It takes both. They must be able to shoot and to be able to get the shot away. So if they can shoot but can’t get shots that doesn’t help you much. If they can get shots but can’t make shots that doesn’t help you much if they can pass but won’t pass that doesn’t help you much. I’ve said that I like players who not only can pass but will pass. And I’ve had some that can and will, and I’ve had some that could but wouldn’t. I like them that can and will.
So the ability to quickly and properly execute the fundamentals is most important in my philosophy of teaching any type of athletics. And while at UCLA, it’s been only basketball, prior to that I had some experience quite a few years as a matter of fact, of coaching baseball, tennis, track and field and one year of football. And, and I consider myself to be one of the smarter football coaches, because I coached one year and didn’t coach anymore. And I completed the year on a long winning streak. So that’s real good. And I’m just smart enough to get out of it.
So the fundamentals are the second thing. And the third thing is you must, you must get across the idea that it is a team game, and they must play together. You can call it anything you want: team spirit, teamwork, self sacrifice, whatever you want, it all amounts to the same thing. And I think in the final analysis, that you have to have all three of these things.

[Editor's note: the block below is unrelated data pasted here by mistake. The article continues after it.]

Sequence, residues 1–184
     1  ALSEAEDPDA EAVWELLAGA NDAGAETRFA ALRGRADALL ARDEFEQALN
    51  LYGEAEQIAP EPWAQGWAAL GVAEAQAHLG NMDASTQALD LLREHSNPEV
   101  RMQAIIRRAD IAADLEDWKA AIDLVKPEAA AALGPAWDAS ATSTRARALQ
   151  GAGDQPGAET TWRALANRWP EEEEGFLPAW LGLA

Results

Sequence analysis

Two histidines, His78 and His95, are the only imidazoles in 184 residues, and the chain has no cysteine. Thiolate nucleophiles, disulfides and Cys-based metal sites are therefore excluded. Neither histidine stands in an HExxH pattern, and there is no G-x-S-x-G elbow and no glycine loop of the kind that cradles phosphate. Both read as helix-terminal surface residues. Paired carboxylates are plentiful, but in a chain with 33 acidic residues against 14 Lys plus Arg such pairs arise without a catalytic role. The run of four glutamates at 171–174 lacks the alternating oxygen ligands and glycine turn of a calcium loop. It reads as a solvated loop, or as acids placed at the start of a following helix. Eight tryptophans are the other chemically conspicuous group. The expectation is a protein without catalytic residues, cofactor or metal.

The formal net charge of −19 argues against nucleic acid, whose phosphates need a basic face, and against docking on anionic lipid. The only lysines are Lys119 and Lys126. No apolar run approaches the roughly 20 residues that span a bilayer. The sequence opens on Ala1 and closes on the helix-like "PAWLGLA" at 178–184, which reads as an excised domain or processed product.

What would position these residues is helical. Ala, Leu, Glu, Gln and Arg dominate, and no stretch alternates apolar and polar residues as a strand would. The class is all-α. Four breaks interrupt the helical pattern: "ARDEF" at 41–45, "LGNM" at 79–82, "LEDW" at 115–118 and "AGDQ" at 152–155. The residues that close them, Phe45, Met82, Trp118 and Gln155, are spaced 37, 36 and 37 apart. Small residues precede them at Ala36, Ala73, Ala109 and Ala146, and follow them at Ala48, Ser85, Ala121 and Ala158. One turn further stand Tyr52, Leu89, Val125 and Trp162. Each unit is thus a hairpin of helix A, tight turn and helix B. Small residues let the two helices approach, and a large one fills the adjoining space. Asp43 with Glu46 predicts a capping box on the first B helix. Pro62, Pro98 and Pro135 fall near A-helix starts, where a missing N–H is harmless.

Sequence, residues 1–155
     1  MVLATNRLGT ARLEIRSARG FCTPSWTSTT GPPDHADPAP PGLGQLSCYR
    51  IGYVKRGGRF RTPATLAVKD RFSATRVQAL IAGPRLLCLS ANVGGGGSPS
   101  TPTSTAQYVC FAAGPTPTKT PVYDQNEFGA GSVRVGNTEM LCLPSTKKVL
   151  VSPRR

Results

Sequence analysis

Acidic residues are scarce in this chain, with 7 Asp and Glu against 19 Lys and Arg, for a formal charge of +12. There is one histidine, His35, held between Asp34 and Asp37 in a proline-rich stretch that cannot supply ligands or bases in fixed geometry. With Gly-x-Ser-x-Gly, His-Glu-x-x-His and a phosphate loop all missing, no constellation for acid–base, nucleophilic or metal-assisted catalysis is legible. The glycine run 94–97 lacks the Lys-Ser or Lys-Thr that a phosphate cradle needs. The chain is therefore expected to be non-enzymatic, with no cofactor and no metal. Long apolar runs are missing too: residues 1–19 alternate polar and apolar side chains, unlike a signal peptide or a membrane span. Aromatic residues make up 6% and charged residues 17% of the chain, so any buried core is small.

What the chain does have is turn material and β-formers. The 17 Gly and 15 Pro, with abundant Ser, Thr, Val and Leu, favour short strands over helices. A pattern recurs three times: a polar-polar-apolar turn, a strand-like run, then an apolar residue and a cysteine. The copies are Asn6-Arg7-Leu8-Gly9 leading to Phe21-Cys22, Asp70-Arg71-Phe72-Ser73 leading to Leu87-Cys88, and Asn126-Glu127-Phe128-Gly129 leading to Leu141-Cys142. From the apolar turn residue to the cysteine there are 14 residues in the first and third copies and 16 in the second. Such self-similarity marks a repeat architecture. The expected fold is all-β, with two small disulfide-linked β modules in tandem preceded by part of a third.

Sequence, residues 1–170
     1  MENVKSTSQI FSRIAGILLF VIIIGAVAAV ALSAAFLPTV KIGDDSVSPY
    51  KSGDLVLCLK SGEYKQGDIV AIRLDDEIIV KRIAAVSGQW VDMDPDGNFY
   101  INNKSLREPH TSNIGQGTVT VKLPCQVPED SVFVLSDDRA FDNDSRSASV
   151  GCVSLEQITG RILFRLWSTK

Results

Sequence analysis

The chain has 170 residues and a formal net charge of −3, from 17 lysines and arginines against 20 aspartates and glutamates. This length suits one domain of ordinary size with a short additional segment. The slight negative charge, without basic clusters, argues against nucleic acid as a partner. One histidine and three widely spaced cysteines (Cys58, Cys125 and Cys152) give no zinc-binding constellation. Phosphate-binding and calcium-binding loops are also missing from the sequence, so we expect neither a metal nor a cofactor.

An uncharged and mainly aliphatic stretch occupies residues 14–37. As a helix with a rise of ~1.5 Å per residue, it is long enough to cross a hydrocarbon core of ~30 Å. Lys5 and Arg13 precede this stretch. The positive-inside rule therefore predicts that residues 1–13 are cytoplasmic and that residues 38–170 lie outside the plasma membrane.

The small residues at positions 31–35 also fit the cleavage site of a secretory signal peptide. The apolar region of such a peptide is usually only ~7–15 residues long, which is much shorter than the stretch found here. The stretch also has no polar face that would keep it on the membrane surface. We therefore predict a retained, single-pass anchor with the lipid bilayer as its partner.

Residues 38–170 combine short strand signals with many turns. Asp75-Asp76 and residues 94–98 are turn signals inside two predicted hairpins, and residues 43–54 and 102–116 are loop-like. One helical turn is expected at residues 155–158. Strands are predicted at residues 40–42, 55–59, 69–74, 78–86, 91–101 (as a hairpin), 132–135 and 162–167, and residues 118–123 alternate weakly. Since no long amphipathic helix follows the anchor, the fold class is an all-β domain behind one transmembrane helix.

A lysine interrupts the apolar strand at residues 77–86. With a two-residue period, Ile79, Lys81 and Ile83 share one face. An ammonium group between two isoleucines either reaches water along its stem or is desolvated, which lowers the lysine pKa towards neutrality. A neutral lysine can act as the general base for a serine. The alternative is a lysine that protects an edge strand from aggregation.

No matter how team oriented you are, if you’re not in condition, and you can’t execute the fundamentals, it doesn’t help you much. No matter how well you can execute the fundamentals if you’re not in condition, and you’re a selfish individual, that doesn’t help the team much. So it takes all three. If you’re in condition, but you are not team oriented, and you don’t know the fundamentals, you’re not much good to the team as a whole.
So it takes all three of these things. And it’s been my deep and abiding philosophy for many, many years that the three things are most important. Sometimes I think if the ability is equal, the most difficult to get is the true team spirit. And I don’t think that should be because I think that’s what we need in everything, whether it be in the home, as a student here at UCLA, whether it be in our city, or country or state or in the world. I think that’s all we need.
And my definition of success is peace of mind through self satisfaction and knowing that you’ve done the best that you’re capable of doing. Now, the good Lord didn’t see fit to create us all equal in any, in any respect: physically, environmentally, as far as appearance is concerned, as far as height or weight or our looks, we’re all different. But we all have an opportunity to make the most of what we have under the conditions that exist for us.
And if we’re a whiner, and a complainer, and we’re always comparing ourselves with the other fella, we never make the most of what we have. And we’re just abject failures. That’s all there is to it. And my idea is to try to make the most with what you have. And then regardless of the scores, if you’re a coach, you always win. Now you won’t win in the eyes of the alumni, I know that. But I still feel at peace with yourself is far more important. And if you have that, eventually, I think the scores will be to your liking more often than not.
EICHER: College basketball hall of fame coach John Wooden, speaking at UCLA in 1971.